Teachers' anger at 'hostile' school inspectors after damning report
Teachers have taken part in a public protest opposing the body that inspects schools.
The Education and Training Inspectorate published its chief inspector's biennial report yesterday, which found that almost 80,000 children across Northern Ireland were receiving a standard of education that was "not good enough".
Members of three teachers' unions - UTU, INTO and ATL - claimed the school inspection system was "hostile".
They protested outside Riddell Hall in Belfast yesterday morning during the launch of Noelle Buick's report.
UTU general secretary Avril Hall-Callaghan claimed the inspection system played a "considerable role in the unsustainable workload issues swamping teachers".
"The present situation is grave and has been brought about by the change in culture at the ETI where the supportive role of the inspector as a nurturing force was replaced by one which appears to place schools on the defensive against an inspectorate which doesn't appear to be on the same side at all," she said.
"Even though there have been some improvements, and we welcome those, the inspection process continues to cause distress, worry and anxiety for our members.
"Our members are not against inspections or accountability.
"We recognise the need for engaging and working together with the ETI in order to move forward together and benefit both the needs of the pupil and the needs of teachers. But this union wants inspectors to listen, advise and support."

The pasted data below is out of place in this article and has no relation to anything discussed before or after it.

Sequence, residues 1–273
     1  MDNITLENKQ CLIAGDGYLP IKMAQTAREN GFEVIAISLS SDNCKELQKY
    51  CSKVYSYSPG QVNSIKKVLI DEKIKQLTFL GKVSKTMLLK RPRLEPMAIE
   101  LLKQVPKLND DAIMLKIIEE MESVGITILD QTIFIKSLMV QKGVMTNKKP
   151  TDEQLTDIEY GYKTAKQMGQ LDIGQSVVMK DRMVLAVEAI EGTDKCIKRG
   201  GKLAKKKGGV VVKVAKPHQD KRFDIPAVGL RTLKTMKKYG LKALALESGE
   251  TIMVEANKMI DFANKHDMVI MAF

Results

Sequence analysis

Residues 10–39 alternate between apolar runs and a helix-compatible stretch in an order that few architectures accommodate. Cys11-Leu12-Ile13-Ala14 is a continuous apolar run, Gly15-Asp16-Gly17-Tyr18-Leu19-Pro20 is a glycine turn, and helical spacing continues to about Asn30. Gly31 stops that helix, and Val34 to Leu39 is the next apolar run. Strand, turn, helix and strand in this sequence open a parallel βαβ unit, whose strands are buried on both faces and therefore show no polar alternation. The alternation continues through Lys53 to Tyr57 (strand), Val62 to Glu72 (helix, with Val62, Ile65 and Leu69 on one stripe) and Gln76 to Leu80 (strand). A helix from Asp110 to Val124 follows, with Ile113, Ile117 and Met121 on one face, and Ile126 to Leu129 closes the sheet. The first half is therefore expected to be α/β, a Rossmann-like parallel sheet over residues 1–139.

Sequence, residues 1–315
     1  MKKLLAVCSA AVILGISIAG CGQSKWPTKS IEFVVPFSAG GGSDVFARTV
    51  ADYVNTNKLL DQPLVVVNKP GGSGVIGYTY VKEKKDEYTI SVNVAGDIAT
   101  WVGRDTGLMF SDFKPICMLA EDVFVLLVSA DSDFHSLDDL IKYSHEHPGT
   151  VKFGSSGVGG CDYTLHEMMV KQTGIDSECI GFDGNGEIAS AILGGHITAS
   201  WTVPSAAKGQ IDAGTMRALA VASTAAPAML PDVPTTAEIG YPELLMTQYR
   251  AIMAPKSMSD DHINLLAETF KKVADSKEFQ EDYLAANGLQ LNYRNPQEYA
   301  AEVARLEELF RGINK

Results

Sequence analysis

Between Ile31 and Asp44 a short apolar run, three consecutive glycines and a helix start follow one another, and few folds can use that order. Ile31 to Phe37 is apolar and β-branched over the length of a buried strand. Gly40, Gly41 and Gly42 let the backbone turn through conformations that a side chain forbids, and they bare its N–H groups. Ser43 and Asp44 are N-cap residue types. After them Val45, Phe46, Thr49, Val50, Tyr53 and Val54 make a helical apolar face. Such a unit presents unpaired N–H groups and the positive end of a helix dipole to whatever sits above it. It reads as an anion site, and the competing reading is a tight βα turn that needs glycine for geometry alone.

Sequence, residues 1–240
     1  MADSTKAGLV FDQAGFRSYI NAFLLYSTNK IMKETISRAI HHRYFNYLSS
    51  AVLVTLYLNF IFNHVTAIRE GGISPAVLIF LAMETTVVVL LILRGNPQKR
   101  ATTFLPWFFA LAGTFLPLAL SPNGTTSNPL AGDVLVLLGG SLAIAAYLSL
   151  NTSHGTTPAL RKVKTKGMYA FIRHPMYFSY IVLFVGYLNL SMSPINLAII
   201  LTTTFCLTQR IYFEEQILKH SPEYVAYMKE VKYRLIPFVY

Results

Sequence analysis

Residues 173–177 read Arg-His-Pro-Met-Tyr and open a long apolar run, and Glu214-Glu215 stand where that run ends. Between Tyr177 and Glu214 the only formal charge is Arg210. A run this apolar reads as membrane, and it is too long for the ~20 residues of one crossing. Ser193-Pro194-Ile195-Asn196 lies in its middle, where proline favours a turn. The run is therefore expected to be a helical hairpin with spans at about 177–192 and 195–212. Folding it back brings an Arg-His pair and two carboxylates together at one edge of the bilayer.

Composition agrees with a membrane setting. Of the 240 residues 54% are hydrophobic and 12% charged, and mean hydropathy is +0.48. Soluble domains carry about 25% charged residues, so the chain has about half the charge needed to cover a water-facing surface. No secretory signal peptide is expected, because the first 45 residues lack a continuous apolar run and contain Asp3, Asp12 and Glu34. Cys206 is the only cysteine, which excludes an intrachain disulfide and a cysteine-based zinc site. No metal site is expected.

The ETI's report arises from inspections of 659 schools over the past two years.
Among its findings were that boys were still under-performing, averaging 10% below girls in terms of the GCSE pass rate percentage; that Protestant boys were continuing to fall behind their Catholic counterparts at GCSE stage; and a postcode lottery existed in which the lowest GCSE pass rates were found in the Belfast and Causeway Coast and Glens areas, while the highest were in Lisburn and Castlereagh.
Ulster Unionist education spokeswoman Sandra Overend said: "What is most concerning to me as an elected representative are the inequalities that still exist in our school system.
"A child's gender, postcode or socio-economic background should not have an impact on their chances for a good start in life."